A strange experiment, a mysterious research or a sinister test. These are some first impressions when watching Sofie Muller’s latest work. Muller assembles deformed, burned and manipulated heads in different sizes and combines them with medical and laboratory instruments; this results in esthetically fascinating sculptures.
These sculptures attract and repel, literally. Magnetic fields are created by means of small magnets that are attached in the core of each work. Certain faces are drawn to one another, while others pull or rebuff each other. This creates a feeling of tension towards the viewer. The feeling increases by the use of medical and laboratory instruments. Muller experimented with old medical instruments in her earlier work (cabinets de curiosités) and uses these materials to provide direct references to the evolution and the manipulation of the human body.

This series corresponds to a first edition of Psychonomics (Cfr. Coup de Ville, Sint Niklaas, September 2013 and Art Brussels, April 2014). In the previous series, HM025MG was displayed as a key work; the mobile symbolized a challenged search for balance and interaction in a society determined by human culture. However, in Muller’s current exposition, the installation Nucleus Hg is displayed as center piece, symbolizing the existential thought that a human being is fundamentally a lonely individual.

This solitude of relying on our own resources is symbolized by the web of arms departing from a core glass heart which illustrates a collective womb that every human being has in common. The heads at the end of each arm all turn to different directions without displaying any interaction, which emphasizes the feeling of isolation and individuality.
The massive glass construction, hanging from the ceiling still contains some remnants of mercury. Muller, always attracted to old objects (as the daughter of an antiquarian), immediately saw in this fascinating object a paradox of life as mercury’s etymological meaning is ‘life’ or ‘lively’, while on the other hand this liquid is deadly poisonous. In this manner Muller emphasizes on how relative our freedom is since we are waylaid by external manipulations since birth.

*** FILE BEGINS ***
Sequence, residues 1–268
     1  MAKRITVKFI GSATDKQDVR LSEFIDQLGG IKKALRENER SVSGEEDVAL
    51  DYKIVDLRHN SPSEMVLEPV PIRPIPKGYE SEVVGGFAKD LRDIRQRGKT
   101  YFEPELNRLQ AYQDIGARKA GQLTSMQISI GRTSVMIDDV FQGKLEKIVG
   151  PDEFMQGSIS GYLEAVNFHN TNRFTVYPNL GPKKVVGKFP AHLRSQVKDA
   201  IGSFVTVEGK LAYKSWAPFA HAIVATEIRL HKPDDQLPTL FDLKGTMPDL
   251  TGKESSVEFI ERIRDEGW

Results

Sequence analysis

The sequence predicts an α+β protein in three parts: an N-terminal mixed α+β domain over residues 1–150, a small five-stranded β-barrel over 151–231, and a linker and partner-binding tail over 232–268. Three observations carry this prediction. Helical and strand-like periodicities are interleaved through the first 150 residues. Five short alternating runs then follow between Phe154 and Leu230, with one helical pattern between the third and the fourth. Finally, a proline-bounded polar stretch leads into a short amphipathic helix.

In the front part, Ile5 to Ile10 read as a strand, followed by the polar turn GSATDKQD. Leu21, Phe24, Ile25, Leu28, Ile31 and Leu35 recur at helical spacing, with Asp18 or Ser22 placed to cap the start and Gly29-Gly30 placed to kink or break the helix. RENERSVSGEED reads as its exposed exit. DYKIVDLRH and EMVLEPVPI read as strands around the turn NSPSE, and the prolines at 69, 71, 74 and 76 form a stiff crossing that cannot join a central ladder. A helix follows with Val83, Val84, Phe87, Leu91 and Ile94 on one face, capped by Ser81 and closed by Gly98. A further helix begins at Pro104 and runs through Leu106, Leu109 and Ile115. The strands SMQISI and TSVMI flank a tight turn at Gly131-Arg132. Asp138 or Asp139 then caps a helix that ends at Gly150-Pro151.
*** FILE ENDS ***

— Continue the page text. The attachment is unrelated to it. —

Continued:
The title ‘Psychonomics’ refers to ‘the science of the laws (nomos) that govern the workings of the mind (psyche)’. Muller has a particular fascination for the relationship between physics/chemistry and the mind, more specifically: are our character, believe and emotions determined by our psyche (soul) or by biochemical functions in our brain’ With medical instruments, own blood samples, undefined alchemic liquids, hard materials like glass and metal and the use of polyurithane, mostly treated with fire and smoke, she researches the deepest and darkest psyche of men and how it is influenced by environmental and/or physical transformation.

Muller’s multiple use of scissors (attribute of the Greek goddess Atropos who decided about life & death) refers to the cutting of the umbilical cord and /or the definitive ending of relations in general . But with a similar importance Muller uses the scissors for their healing character of cutting off the malice and the evil. Already in the 4th C before Chr. Hypocrates stated: What medicines do not heal the lance will, what the lance does not heal, fire will…
As in former works of Sofie Muller the use of fire returns again in this series; black smoke often marks the moulded faces as a reference to what once was, a trace of the human suffering.

Psychonomics distinctly marks a new phase in the oeuvre of Sofie Muller. Whereas the first edition of this series put focus on an (anti)social habitat, this exhibition displays work that concentrates on isolated individuals. By using an imagery of poisonous colored liquids and medical lab- materials, Muller invites the viewer to reflect about existential issues concerning the fundamental loneliness of man, the idea of freedom, and the existential meaning of our individual being.